Ronald Ondrejka, former conductor of the Fort Wayne Philharmonic, died suddenly early in the morning of April 7, 2016 at his home in Carpinteria, California where he lived with his wife, Elise Unruh.

Ondrejka was born into a musical family in 1932 in Manhattan. His Italian-American mother was a pianist; his Czech father was a concert violinist. … After military service in Europe with the Seventh Army Symphony, he was a prize winner in the Royal Liverpool International Conducting Competition in 1961. … He became assistant to Richard Lert, at the annual Association of Symphony Orchestra League conducting workshops, then to Josef Krips at the Buffalo Philharmonic and William Steinberg in Pittsburgh.

As music director of the Santa Barbara Symphony (1967-1979), Ondrejka taught in the Music Department at the University of California, Santa Barbara. His final post was as Music Director of the Fort Wayne Philharmonic (1978-1993). Under his artistic leadership the Philharmonic more than tripled its budget, increased the number of full-time core orchestra musicians and expanded its programming to include chamber music, pops and chamber orchestra series.

ronald ondrejka


We learn with sadness of the death on April 5 of the Australian soprano Elsie Morison, second wife of the Czech conductor Rafael Kubelik. Elsie was 91. After a ceremony in Prague, her remains will be flown for burial in her family tomb at Ballarat, Victoria.

Elsie was a staff soprano at Covent Garden in the 1950s when Kubelik, nursing a gravely ill wife, was the music director. They performed and recorded together until their marriage in 1963, after which Elsie decided that she would sing no more.

I met them both, separately and together. They shared a quietude and humility that is rare among great artists. Elsie, though she liked to laugh, was discretion itself. I last saw them together in Prague in 1990, on Rafael’s return after more than 40 years’ political exile.


Brian Kellow, the magazine’s veteran features editor and Diane Silberstein, recently appointed publisher, have been laid off by the Metropolitan Opera Guild, effective immediately.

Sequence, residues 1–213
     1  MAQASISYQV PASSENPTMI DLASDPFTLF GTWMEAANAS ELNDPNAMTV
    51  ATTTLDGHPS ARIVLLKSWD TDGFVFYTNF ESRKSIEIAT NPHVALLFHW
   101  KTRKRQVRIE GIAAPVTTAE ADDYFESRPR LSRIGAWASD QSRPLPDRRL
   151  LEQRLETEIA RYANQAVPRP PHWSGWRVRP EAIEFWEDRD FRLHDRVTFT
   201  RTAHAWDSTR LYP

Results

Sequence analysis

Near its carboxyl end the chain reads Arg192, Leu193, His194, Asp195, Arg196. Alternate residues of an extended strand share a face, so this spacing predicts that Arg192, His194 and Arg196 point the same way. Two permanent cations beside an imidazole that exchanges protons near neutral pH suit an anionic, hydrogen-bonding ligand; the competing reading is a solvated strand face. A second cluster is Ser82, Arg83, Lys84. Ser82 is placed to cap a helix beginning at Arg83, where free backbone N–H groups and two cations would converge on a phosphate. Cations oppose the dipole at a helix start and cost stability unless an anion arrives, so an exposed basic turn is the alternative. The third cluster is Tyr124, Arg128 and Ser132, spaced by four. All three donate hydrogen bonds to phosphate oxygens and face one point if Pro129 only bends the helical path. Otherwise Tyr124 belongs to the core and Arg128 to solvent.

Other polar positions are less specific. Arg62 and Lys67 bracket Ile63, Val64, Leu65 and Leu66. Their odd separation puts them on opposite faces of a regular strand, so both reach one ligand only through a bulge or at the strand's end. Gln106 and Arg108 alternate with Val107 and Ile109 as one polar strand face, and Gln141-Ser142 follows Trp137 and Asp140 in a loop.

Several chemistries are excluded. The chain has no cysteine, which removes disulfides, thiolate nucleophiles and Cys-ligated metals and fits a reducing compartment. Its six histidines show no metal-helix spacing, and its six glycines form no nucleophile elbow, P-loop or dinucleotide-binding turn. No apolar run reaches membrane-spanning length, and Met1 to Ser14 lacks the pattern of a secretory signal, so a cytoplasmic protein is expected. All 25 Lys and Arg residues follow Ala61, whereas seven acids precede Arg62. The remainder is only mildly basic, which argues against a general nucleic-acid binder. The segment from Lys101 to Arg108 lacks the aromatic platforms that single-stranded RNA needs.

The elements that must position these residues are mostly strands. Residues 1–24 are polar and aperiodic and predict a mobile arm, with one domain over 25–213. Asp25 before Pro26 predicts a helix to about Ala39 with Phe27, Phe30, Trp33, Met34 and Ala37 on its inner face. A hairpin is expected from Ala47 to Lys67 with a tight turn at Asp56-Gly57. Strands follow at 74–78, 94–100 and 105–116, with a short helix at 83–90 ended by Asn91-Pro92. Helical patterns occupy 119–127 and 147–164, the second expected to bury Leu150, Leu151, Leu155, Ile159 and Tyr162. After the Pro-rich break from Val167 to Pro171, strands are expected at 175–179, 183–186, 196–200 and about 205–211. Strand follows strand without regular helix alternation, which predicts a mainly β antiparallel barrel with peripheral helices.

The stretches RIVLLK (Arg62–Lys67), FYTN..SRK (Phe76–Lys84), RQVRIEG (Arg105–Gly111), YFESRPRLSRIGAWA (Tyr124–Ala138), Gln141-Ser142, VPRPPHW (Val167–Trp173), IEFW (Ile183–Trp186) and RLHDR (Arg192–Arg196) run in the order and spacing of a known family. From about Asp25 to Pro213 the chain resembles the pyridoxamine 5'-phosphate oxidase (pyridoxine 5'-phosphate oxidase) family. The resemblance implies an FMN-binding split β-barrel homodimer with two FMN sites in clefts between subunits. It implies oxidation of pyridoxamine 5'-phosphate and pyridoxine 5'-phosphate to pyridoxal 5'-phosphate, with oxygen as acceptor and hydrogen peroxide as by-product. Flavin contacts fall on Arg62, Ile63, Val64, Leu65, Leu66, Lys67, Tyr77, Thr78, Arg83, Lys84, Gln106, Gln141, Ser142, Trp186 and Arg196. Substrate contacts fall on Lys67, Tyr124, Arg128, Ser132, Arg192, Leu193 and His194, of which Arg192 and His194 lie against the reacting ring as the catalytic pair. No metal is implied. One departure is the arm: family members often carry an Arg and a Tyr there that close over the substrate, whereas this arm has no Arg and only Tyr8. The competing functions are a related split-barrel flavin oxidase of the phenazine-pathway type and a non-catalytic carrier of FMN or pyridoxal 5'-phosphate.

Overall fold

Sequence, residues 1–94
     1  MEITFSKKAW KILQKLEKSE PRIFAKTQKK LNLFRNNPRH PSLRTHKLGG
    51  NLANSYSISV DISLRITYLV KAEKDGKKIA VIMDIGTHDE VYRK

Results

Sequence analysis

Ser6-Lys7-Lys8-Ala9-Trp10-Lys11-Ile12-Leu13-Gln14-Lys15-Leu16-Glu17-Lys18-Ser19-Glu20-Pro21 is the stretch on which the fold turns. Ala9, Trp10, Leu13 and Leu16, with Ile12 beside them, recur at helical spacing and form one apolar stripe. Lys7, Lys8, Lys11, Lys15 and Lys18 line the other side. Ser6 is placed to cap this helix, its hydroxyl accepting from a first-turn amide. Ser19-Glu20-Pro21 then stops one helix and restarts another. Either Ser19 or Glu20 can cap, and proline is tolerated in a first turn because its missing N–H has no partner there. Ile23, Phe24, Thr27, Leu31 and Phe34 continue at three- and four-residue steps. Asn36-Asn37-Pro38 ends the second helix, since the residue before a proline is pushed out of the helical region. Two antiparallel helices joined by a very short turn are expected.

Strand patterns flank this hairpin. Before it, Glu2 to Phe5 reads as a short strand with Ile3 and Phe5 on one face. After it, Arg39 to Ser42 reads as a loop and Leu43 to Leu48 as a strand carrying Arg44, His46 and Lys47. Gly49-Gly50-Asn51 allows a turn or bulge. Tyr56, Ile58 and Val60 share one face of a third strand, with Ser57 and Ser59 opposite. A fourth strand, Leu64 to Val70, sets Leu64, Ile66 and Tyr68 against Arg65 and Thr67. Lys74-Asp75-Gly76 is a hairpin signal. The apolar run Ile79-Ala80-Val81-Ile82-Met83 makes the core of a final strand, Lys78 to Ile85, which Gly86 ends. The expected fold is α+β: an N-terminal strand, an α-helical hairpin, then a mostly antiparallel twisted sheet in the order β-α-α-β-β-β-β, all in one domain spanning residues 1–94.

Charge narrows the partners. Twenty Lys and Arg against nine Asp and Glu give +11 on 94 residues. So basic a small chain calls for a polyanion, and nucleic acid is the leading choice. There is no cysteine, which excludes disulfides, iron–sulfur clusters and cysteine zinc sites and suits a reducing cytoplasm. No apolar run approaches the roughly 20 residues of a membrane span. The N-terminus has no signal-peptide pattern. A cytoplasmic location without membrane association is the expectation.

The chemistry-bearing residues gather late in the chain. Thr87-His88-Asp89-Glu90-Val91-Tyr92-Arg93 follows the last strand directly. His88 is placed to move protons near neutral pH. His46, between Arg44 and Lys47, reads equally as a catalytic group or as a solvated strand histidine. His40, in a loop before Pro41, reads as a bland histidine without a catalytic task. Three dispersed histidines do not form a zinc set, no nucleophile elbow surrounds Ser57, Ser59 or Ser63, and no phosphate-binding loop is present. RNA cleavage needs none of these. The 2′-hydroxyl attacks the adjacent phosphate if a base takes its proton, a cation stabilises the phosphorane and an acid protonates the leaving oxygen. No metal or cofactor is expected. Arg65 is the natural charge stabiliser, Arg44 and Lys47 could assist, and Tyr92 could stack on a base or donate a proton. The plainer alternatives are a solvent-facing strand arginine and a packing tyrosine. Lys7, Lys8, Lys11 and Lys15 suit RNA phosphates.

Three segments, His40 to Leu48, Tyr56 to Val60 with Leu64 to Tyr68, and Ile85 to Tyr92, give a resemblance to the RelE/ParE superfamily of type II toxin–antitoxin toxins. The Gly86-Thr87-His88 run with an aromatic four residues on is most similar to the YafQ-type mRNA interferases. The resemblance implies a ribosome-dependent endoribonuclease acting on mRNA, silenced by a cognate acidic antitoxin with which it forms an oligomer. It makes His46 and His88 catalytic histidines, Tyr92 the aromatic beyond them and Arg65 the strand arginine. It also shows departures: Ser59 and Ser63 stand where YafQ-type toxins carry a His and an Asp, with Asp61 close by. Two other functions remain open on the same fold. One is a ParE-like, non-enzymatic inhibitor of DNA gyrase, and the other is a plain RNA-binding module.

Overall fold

The reasons given are cost cutting. The dismissals came two days after the annual Opera News awards gala.

Peter Gelb has long resented the magazine’s moderate critical voice.

opera news

Rachel Barton Pine is something of a legend.

Survivor of a Chicago train accident that claimed one of her legs, she has endured 45 operations to enable her to perform standing and in full command of her instrument.

This week, her new Bach sonatas and partitas album is fourth in the Nielsen Soundscan classical sales charts, the only violinist in the top ten.

There’s a feature on her today on CNN. Watch here.


rachel barton pine class

The American whistleblower, idle in Russian asylum, has been working on a record track with film composer Jean-Michel Jarre.

Exclusive video interviews on Rolling Stone here.


Among the many changes at Universal Classics, Graham Southern lost his job as COO. Graham, formerly of EMI, is a man who walks around with the entire recorded catalogue in his head.

Delighted to hear he has found a new job as COO of Presto Classical, a mail-order and download firm.


graham southern pope

He’s the one to the right of the Pope.

It’s with the Vienna Philharmonic in June, conductor Daniele Gatti.

The tenor sections should present no problem for his vocal range, but why tamp down the colours in the piece by having the same voice sing the mezzo/baritone role?

Not sure this is such a good idea.


As the Met prepared to roll out news of James Levine’s demission, Lincoln Center decided it was a good moment to announce the departure of its president Jed Bernstein, after less than two years in the job.

At a time when the Center is facing a half-billion-dollar renovation of its concert hall, this might appear to be a disaster. But word in the corridors is that Bernstein was not getting on with his chairperson, Katherine Farley, and the board felt it was better if they were all singing off the same sheet.

Bernstein was formerly a commercial producer on Broadway.

Anyone care to apply for the vacancy?


lincoln center